Actually – you had better make that a nickel.
I’m probably not the only Canadian, steeped in nostalgia, who isn’t ready to say goodbye to this shiny bit of copper.
I know it costs more to produce a penny than its actual worth and I understand it has become a time-consuming nuisance in retail. While we aren’t the first generation to say goodbye to a small piece of Canadian heritage, wonder where it will stop.
What other bits of our daily lives will soon become obsolete, redundant, and no longer useful in our fast-paced world? I was watching “Fringe” with my son, and one of the episodes mentioned the rarity of ball point pens in an alternate reality. With all our gadgets and gizmos, it doesn’t seem too far off the mark. How many times do you write yourself a note on your phone or send an email instead of snail-mail? Children are more adept at typing than penmanship. The new trend in schools is to implement technology – including each child having his own laptop. I do fear that one day, pens and pencils may also go the way of the penny.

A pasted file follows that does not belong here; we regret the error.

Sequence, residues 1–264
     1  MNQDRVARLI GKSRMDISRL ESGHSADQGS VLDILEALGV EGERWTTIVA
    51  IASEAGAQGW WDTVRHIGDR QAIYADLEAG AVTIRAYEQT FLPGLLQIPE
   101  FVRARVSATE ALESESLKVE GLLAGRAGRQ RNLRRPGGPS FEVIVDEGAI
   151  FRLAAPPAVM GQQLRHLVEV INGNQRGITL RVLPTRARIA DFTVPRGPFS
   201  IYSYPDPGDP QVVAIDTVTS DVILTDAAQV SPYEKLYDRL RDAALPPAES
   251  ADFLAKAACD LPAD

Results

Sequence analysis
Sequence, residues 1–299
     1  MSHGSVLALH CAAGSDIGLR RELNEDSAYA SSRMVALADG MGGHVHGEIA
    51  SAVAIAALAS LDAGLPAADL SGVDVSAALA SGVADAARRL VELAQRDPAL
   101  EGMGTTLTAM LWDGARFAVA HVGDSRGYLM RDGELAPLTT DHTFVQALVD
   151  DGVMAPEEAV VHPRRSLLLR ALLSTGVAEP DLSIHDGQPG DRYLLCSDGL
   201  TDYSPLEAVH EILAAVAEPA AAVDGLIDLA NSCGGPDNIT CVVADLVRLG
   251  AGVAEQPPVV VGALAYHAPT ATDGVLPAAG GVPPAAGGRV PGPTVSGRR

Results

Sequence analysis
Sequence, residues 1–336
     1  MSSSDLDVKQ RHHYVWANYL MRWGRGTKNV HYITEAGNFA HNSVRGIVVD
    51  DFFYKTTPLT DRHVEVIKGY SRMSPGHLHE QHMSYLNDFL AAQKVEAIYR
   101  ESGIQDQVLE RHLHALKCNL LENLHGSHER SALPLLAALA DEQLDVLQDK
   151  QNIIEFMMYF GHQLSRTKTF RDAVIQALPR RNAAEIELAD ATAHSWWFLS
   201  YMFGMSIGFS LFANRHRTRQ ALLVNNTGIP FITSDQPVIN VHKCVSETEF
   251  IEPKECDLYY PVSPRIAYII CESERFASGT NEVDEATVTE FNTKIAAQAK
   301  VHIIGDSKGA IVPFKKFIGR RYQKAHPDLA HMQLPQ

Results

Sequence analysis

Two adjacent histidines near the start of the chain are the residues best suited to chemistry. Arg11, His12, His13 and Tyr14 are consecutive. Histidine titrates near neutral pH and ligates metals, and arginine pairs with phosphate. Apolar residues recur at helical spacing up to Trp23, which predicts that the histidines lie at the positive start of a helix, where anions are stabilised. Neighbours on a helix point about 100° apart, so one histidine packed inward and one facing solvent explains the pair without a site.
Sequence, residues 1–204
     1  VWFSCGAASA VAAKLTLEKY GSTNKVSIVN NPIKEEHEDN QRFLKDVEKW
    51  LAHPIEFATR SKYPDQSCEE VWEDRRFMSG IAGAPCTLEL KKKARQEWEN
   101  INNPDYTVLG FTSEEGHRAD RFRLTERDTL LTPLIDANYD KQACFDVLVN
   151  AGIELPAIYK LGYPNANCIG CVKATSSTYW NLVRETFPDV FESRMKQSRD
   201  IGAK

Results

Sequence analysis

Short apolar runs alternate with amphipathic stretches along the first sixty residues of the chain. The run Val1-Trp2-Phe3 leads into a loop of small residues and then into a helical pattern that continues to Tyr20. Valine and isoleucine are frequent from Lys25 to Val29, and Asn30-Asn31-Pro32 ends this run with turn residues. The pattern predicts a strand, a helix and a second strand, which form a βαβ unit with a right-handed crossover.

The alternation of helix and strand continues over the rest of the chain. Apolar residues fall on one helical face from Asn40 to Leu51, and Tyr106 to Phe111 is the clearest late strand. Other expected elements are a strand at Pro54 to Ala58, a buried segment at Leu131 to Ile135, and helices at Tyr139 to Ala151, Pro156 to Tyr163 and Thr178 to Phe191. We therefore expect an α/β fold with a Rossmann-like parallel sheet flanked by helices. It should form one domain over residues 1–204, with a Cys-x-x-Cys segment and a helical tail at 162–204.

Unless, of course, you’re an artist.
So, “in for a penny, in for a pound”, it’s time to say goodbye to an obsolete coin.